I meant to do a full photo tour of our house when we moved in here two and a half years ago, but I started slapping on fresh coats of white paint the same day we got our keys and then I felt like I missed the boat on capturing the true “before” state of things.  I decided I’d wait until we were done with our refresh and then just do final pictures – finish one room a month, nine(ish) rooms in the house, take a short break for the holidays and we’d be kicking back in our well-styled crib by Spring 2019!  Oh, Kel.  Silly Kel.  Two years later it felt like we still hadn’t really finished anything.  When we started spending all day, every day at home in March I resolved to give our house some love and get some shit DONE.

Pandemic Project 1:  Finish the dining room.  Let me take you back to the pre-purchase staged version (from our listing photos).  That chandelier was…fancy, but hardly the mid-century vibe we were going for.

We made good progress on this room when we first moved in with new lighting and new windows and new furniture, but the main white wall was a blank canvas begging for artwork or wallpaper or some kind of focal point.  After not finding anything on the inter-webs that sang to me, I decided to channel my inner DIY-ist with a Sharpie paint pen and a lotta foliage photos for inspiration.  Here she is…  Finito!

I naively thought I could just free-hand this thing right on the wall, but oh, Kel.  Silly Kel.  My first take was not so good, so I slapped another coat of white paint on the wall and spent a couple of weekends mapping out a full-size mockup of the pattern I wanted on trace paper, getting my leaves and overlaps just so.

I then traced the final linework on the back-side of the paper with thick pencil, taped the pattern to the wall, and transferred the pencil marks with a good rub.  Then the satisfying work of tracing those lines with a rich, black Sharpie.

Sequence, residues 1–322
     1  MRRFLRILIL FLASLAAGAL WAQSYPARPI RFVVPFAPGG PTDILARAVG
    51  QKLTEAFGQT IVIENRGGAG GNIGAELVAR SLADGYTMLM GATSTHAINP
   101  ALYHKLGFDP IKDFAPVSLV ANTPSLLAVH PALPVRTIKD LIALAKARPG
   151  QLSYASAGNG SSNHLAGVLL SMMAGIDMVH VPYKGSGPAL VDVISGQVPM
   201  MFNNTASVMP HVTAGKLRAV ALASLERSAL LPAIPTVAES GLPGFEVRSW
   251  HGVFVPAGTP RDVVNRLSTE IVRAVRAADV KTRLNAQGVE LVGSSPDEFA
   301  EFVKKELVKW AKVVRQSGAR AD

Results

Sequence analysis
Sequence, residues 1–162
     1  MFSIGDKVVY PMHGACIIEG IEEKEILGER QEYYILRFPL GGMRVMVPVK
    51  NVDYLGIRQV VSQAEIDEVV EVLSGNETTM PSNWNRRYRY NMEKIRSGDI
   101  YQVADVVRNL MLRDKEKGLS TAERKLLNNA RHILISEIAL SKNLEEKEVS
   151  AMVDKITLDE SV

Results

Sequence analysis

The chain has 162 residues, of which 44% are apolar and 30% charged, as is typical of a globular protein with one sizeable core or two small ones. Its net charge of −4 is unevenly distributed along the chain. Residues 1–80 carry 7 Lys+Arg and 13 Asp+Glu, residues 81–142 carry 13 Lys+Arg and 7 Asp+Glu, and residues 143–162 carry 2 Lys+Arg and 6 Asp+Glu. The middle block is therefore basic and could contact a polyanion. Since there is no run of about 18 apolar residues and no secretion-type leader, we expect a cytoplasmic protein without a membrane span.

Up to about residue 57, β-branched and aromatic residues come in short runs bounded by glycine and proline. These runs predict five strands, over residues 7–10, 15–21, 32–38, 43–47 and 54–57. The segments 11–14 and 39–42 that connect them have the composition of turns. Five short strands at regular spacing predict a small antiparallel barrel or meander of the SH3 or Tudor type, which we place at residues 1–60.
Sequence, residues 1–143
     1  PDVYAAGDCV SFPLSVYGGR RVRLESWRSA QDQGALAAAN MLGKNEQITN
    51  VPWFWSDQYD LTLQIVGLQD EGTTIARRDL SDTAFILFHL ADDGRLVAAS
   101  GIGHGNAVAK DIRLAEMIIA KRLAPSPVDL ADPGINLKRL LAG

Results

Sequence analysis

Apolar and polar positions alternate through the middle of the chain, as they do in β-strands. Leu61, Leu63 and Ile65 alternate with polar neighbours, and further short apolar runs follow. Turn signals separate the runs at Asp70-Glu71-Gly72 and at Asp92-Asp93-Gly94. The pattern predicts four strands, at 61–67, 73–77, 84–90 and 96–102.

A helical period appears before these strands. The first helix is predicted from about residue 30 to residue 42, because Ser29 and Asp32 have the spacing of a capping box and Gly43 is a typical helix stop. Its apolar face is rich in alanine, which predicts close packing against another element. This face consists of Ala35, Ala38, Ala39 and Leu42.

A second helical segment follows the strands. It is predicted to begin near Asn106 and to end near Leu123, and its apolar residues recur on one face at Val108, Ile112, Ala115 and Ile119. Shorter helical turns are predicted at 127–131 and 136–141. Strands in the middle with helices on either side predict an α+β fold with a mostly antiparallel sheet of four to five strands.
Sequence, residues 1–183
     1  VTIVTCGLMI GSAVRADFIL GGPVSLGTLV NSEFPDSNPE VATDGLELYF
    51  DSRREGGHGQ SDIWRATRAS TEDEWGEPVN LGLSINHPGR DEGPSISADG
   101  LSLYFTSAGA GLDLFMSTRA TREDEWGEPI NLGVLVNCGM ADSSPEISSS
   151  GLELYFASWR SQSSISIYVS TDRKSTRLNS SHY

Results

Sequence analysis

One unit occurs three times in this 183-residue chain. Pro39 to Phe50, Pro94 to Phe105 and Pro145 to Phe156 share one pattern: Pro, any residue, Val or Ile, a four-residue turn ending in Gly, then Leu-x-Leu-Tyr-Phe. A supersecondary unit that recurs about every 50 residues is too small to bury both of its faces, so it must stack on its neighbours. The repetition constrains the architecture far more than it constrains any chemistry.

So fun, you guys!  Seriously, I love a long, tedious task like this.

It was hard to know when exactly I should be done, but finally the wall felt sufficiently un-blank and I was able to call it a day.

In hindsight I wonder if I should have opted to draw magnolia branches and rhododendron leaves to carry in the patterns from our backyard, but nope.  NOPE.  The Monstera leaves are perfect.  This room is complete and I’ve got a big blank picture frame hanging over our mantle that’s calling my name.  Onward.

2017 was not a banner year for me book-wise.  I finished 12 books – a couple of duds, a few decent ones, and a couple of stand-outs.  I do believe I should get extra credit for finishing all 1,168 pages of Atlas Shrugged.  The round-up:


I’m Just A Person by Tig Notaro

Born a Crime by Trevor Noah

Love Warrior by Glennon Doyle Melton

The Girl on the Train by Paula Hawkins

Ordinary Grace by William Kent Krueger

Atlas Shrugged by Ayn Rand

Homegoing by Yaa Gyasi

Strangers in their own Land by Arlie Russel

City of Thieves by David Benioff

Dark Money by Jane Mayer

Option B by Sheryl Sandberg and Adam Grant

The Magic of Motherhood by Ashlee Gadd


Best books of 2017:

City of Thieves was brilliant and beautiful and tragic and funny.  Damn, Benioff can write.  (From the comfort of my couch) I was in World War II Russia – I felt the cold of the frozen forests, the hunger pangs of a completely empty stomach, the desolation of streets lined with bombed, looted buildings.  And I felt all the warmth of friendship and camaraderie and hard-fought victory.

I also loved Homegoing, which was fiction very much grounded in truth.  It’s a story of horrific injustice and unfathomable fortitude, beautifully and cleverly woven.  Read it.

Honorable mentions to Born A Crime (I liked Trevor Noah before I read his memoir but loved him afterward) and Love Warrior (Glennon Doyle Melton’s love revolution is real, folks!).